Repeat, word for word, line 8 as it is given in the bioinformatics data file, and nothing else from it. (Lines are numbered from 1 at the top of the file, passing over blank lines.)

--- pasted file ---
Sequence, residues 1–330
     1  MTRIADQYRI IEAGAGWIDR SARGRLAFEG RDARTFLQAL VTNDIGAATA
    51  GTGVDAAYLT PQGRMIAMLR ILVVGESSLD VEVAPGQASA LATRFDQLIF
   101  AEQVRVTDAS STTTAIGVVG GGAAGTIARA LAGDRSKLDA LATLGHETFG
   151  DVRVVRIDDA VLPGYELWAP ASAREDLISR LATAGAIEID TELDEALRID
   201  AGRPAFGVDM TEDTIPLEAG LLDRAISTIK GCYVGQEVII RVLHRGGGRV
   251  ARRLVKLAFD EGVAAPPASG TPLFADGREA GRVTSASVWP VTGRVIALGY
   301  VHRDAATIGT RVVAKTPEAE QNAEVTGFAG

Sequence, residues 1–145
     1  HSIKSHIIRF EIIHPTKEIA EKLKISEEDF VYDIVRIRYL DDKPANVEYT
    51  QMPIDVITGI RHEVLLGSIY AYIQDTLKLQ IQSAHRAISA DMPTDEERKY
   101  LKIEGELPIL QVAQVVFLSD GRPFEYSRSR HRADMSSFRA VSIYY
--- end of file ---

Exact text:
   301  VHRDAATIGT RVVAKTPEAE QNAEVTGFAG